The Pacifica Tribune is reporting the remodeling bubble still going strong.

Talk to a home buyer, home seller or real estate pro these days and you’ll get a brisk debate about whether there’s a real estate bubble in our area — and whether it’s going to pop. But there’s no debate on about the remodeling bubble — it’s still fully inflated, and that could be very good news for the value of your home.

What remodeling bubble, you ask? Well, every year the Cost vs. Value Report by Remodeling Magazine lays out statistics on the investment return of kitchen and bathroom remodels, room additions and other projects in every major city in America. Last year, the San Francisco numbers were stunning — 150 percent returns on many bathroom, kitchen and deck projects. In other words, every $10,000 you laid out for a project like that would enhance the value of your home by $15,000.

Don t want to put 32K into your bathroom? A mid-range bathroom remodel costs an average of $13,700 in the Bay Area and increases your home value by over 23K. That’s a 169 percent return.

The same project in Salt Lake City returns about 80 percent.

If you remodel your kitchen, you’ll be cooking up some serious equity as well. The survey says low-end ($17K) and mid-range ($52K) kitchen projects around here return 153 percent and 147 percent, respectively. An upscale kitchen remodel, in the neighborhood of $100,000, returns about 118 percent, compared with the national average of 85 percent.

And again this year, you can generate the same equity benefits with much smaller projects, even regular maintenance. Does your roof need replacing? The report says that on average you ll spend almost $16,000, which is a pain in the wallet — until you find out the new roof will enhance your home value by more than $18,000. Spend $9600 on new siding and your home value increases $10,700. Replacing your windows or adding a small deck are both projects that cost in the low five figures and boast return rates of 130 and 160 percent, respectively.

Bruce Turner is president of TurnerBuilt, Inc. He can be reached at bturner@turnerbuilt.com

Well I am glad Bruce Turner agrees this is a bubble.
It is probably the only thing he got right.
Over the long haul one simply can not destroy a $10,000 kitchen, replace it with a $40,000 kitchen and expect to make money on it by selling it for $60,000. Yet that is what Bruce Turner is expecting. Now if you are putting in a $40,000 kitchen by yourself with materials that cost $10,000 that might be another matter (in regards to expected profitability). But that is hardly the norm.

The extreme example of this sort of nonsense is teardowns. People are bulldozing $400,000 homes and putting up $1.5 million dollar homes expecting to get that $400,000 back and them some. I have news for Bruce Turner: They won’t. Nor will someone destroying a $10,000 kitchen in favor of a $40,000 kitchen. The times have changed.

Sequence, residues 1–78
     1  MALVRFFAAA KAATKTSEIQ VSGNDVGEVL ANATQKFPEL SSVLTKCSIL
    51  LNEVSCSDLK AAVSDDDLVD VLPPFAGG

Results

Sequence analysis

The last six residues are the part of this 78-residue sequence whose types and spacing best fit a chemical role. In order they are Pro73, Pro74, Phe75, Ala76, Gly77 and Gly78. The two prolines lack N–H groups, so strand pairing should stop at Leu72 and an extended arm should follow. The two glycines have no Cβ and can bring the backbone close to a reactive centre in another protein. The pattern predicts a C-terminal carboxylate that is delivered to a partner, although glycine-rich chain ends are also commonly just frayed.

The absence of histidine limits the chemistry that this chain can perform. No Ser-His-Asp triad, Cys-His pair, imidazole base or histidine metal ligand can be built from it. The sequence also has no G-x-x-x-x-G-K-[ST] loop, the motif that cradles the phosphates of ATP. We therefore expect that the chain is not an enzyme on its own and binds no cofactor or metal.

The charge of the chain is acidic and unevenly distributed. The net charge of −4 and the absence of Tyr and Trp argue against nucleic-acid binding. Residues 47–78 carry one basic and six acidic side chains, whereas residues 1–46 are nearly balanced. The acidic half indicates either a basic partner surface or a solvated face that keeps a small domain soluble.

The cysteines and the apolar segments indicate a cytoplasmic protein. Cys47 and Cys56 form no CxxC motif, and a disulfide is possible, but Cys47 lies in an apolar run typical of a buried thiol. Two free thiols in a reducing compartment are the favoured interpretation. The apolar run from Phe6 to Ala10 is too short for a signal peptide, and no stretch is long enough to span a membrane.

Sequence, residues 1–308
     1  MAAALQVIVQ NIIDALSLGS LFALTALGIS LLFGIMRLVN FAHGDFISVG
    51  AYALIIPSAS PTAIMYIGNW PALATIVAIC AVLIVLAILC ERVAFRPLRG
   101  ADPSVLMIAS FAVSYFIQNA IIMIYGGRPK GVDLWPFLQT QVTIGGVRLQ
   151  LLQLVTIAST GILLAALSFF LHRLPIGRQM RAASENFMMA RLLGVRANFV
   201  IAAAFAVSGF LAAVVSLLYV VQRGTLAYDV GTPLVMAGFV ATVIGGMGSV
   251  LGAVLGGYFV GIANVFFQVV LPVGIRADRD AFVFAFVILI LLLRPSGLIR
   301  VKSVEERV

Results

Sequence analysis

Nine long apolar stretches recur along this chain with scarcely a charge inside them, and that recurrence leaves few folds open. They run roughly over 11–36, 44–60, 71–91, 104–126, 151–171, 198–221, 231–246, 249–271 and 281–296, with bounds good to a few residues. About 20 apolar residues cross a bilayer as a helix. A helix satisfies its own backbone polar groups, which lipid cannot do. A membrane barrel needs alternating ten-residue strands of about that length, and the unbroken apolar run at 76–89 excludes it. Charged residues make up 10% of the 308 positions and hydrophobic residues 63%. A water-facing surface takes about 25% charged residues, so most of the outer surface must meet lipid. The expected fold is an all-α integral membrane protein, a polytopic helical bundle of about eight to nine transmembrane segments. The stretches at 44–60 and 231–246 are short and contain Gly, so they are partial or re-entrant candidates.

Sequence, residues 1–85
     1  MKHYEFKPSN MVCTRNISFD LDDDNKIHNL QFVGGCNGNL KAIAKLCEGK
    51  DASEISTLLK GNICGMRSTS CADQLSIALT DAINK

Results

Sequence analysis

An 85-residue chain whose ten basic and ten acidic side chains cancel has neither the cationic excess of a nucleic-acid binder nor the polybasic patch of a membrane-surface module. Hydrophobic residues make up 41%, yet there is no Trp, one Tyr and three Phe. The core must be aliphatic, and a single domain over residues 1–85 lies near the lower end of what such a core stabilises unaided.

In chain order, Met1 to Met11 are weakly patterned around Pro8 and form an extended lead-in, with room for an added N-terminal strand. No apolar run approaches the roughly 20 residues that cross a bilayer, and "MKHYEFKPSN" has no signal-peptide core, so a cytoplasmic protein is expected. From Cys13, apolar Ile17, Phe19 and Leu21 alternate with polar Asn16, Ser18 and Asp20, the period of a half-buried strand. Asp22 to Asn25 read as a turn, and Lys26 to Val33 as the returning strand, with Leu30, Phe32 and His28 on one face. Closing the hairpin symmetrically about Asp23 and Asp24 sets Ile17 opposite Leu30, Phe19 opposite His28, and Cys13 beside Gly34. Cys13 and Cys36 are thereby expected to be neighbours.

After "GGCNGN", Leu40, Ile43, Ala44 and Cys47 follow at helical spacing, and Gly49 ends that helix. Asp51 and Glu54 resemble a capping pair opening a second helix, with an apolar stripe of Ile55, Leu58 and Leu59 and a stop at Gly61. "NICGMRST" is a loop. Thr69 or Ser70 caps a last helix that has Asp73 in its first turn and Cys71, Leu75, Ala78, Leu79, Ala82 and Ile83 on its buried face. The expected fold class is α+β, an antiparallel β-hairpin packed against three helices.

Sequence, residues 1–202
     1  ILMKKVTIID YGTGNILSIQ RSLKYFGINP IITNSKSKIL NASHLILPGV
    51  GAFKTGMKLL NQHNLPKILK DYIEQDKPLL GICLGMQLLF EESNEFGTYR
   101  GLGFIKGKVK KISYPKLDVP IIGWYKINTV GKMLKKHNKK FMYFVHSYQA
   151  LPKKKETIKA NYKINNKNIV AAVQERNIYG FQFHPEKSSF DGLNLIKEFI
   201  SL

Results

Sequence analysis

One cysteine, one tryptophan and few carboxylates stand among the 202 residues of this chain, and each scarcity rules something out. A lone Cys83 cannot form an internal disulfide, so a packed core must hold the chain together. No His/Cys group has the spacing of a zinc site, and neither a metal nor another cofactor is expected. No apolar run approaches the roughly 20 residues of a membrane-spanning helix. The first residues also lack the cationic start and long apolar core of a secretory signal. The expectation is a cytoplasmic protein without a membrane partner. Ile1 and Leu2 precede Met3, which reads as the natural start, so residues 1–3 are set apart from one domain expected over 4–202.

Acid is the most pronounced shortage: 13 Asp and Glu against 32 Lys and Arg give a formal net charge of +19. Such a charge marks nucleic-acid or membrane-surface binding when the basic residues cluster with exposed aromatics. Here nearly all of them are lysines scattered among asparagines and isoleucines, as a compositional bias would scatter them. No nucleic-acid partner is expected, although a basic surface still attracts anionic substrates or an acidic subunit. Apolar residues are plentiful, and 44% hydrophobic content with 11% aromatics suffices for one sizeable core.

On that note the Mish Telepathic Question Lines are now open.
The predominate question seems to be: “Mish do you have any proof of that?”

Well, actually I think it is obvious, especially when it comes to structural damages like roofs and concrete problems, but let’s take a look at my favorite renovation index: Home Depot.

The AP is reporting Home Depot 1Q Profit Up Despite Weak Sales.

Weak demand for flooring and seasonal products were partly to blame for The Home Depot Inc.’s disappointing retail sales in the first quarter, though it still reported a 19 percent jump in profit and reaffirmed its growth guidance for the year Tuesday.

Shares of its stock, which has lagged behind rival Lowe’s Cos. of Mooresville, N.C., fell more than 5 percent on the news.

“Our stock price is a conundrum, but rather than spending a lot of time stewing about that, we focus on growing the business,” Chief Financial Officer Carol Tome said in an interview.

The company acquired Hughes Supply — a distributor of construction, repair and maintenance products — in the first quarter, and that company’s results are included in Home Depot’s consolidated results for the final month of the quarter.

Hughes Supply has more than 500 locations in 40 states.

In part because of the acquisition, Home Depot said its Home Depot Supply division saw its sales jump to $2.13 billion in the first quarter, compared with $657 million in the year-ago period. It saw the segment’s operating profit jump to $149 million in the quarter, compared with $28 million in the same period a year ago.

For comparability purposes, The Home Depot said it will no longer report sales at stores open at least a year, a key retail barometer also known as same-store sales, but will now report total sales growth for both of its segments as a percentage change over the prior period.

Following is a chart of Home Depot.
Click on the chart for an enhanced view.

“Our stock price is a conundrum” said Chief Financial Officer Carol Tome. A conundrum? Really? Your only means of growth is by acquisition, and you have stopped reporting same store sales. What is it that you are afraid of on those same store sales? Falling sales perhaps?

That is the answer to the conundrum and that is why Bruce Turner is both 100% wrong and 100% right. He is 100% right about remodeling being a bubble. He is 100% wrong about expected remodeling returns from here on out.

Here is the not so pretty current picture if anyone wants it. It might be necessary to do $40,000 worth of fix-ups to sell your house for $20,000 less just to get rid of it. That is how fast home inventories are now rising.

Mike Shedlock / Mish/